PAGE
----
Climate Action

When Pesticides Go Wrong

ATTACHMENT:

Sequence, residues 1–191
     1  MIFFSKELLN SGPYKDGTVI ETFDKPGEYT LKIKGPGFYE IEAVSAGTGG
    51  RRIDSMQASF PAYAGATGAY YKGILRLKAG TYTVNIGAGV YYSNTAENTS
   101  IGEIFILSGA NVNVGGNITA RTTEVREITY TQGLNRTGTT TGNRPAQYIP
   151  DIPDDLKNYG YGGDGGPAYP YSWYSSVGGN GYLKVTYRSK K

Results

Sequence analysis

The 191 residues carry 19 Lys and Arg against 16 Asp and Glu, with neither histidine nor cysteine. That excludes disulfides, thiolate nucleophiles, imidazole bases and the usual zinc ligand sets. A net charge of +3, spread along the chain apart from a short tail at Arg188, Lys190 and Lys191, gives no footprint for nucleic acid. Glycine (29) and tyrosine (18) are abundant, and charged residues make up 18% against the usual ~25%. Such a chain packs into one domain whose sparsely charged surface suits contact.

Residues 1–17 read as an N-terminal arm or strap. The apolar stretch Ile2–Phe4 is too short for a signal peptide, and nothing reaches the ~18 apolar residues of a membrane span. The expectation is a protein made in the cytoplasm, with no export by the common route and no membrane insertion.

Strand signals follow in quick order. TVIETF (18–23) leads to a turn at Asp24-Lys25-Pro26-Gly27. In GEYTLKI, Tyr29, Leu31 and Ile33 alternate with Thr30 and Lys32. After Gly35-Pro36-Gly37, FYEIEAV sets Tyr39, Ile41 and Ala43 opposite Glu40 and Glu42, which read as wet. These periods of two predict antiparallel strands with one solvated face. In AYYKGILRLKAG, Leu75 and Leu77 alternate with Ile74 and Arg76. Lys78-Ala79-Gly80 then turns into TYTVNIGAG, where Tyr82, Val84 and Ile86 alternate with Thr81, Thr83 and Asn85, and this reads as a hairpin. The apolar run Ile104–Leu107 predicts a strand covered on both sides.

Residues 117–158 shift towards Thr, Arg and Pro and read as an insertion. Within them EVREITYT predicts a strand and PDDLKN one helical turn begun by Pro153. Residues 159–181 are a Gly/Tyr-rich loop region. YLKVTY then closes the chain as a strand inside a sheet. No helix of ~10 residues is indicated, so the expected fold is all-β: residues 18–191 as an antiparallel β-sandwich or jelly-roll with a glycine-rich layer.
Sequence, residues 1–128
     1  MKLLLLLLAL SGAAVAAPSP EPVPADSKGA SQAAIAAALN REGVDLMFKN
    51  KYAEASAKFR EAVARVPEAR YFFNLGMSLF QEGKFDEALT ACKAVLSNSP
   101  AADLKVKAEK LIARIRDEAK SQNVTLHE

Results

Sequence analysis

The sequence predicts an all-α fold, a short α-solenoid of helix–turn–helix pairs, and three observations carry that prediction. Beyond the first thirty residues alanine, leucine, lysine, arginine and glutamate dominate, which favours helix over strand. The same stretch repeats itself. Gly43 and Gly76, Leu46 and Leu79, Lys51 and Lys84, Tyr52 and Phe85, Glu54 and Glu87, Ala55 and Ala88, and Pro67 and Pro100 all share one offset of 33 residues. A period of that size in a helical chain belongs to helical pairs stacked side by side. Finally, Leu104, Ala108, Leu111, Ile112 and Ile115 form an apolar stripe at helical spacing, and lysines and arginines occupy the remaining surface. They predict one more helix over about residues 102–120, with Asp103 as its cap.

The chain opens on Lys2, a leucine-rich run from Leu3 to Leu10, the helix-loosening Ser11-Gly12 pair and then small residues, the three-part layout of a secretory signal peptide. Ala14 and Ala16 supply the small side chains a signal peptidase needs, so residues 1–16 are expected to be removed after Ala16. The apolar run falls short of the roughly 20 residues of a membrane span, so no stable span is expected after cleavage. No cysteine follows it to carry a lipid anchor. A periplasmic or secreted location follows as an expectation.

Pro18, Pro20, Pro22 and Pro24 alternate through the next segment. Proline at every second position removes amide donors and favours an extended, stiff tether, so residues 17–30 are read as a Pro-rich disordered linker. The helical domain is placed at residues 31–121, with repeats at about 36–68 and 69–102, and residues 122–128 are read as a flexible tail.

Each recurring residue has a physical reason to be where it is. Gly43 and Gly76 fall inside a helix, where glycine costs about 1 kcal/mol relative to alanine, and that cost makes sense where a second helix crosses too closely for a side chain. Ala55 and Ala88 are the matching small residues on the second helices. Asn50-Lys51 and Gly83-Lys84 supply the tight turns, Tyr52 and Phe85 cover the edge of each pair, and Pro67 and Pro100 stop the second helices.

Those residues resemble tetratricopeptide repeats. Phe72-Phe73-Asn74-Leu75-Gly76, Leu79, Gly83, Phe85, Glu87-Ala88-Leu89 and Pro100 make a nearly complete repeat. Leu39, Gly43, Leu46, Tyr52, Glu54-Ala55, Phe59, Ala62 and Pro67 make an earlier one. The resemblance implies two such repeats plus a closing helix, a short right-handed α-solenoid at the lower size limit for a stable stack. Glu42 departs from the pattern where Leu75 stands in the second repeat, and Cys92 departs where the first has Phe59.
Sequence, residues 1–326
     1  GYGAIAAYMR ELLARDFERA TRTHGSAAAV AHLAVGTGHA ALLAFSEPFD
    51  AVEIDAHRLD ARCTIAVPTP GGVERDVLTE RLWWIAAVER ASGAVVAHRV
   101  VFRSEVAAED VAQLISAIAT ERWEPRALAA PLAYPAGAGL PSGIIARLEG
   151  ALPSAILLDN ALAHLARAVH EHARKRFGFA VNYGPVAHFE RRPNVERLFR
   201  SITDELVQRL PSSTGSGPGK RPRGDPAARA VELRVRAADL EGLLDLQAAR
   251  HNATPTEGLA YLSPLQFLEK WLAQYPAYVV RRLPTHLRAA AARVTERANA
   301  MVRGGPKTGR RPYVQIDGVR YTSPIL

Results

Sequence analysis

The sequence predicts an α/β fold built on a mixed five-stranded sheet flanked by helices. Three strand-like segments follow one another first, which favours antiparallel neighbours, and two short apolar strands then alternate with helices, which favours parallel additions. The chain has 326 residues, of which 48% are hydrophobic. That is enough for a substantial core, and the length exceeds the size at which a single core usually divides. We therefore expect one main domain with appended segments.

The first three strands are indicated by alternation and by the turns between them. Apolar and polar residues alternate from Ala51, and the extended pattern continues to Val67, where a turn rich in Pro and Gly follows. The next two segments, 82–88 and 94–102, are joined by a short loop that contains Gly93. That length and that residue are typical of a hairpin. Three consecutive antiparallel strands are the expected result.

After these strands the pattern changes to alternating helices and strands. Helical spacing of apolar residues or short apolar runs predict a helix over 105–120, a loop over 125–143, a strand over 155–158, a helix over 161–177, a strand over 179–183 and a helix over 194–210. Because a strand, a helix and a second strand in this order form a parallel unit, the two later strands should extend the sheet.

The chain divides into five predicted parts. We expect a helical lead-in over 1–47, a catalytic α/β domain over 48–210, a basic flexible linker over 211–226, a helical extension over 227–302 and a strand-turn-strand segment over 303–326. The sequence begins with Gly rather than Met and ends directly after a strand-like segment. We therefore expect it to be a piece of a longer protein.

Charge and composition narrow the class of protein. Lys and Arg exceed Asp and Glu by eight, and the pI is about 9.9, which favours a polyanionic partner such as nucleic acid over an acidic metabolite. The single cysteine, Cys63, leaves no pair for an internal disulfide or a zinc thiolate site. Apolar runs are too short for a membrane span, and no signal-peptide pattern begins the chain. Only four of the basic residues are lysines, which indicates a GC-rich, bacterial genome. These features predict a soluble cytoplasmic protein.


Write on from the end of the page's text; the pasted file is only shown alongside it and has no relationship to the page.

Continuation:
The pesticide was meant to stop the threat of Zika and West Nile in Dorchester County, South Carolina … but instead it poisoned millions of bees, killing them over the weekend. Sunday morning, the county sprayed pesticides from airplanes and by the afternoon, thousands upon thousands of bee carcasses fell to the ground. Four cases of Zika were confirmed in the county last week, prompting the quick decision to spay the areas.   This mass killing has sparked outrage among citizens and environmentalists. The county says that they provided enough information to bee-keepers and residents in the county but bee-keepers disagree. There are also new reports that state the pesticide used a product containing naled. Naled is “highly toxic to bees” according to the manufacturer of the pesticide. Bee-keepers are reporting losses in the millions.   What’s the big deal?   Not only has the loss of bees affected the livelihood of bee-keepers—they have had to destroy their equipment contaminated by the pesticide and the bees are dead on the ground—but bees are a keystone species. They are important pollinators around the world. In the US, honey bees pollinate many of our crops. Bees are brought in trucks to California, New York, Maine and Massachusetts to pollinate almonds, apples, blueberries and cranberries. Crops are also able to produce more with the help of bees.   There has got to be a better way to protect human health against diseases such as Zika and West Nile, without jeopardizing the bee population. In Dorchester County, officials plan to do a better job of notifying bee-keepers and residents about pesticide sprays.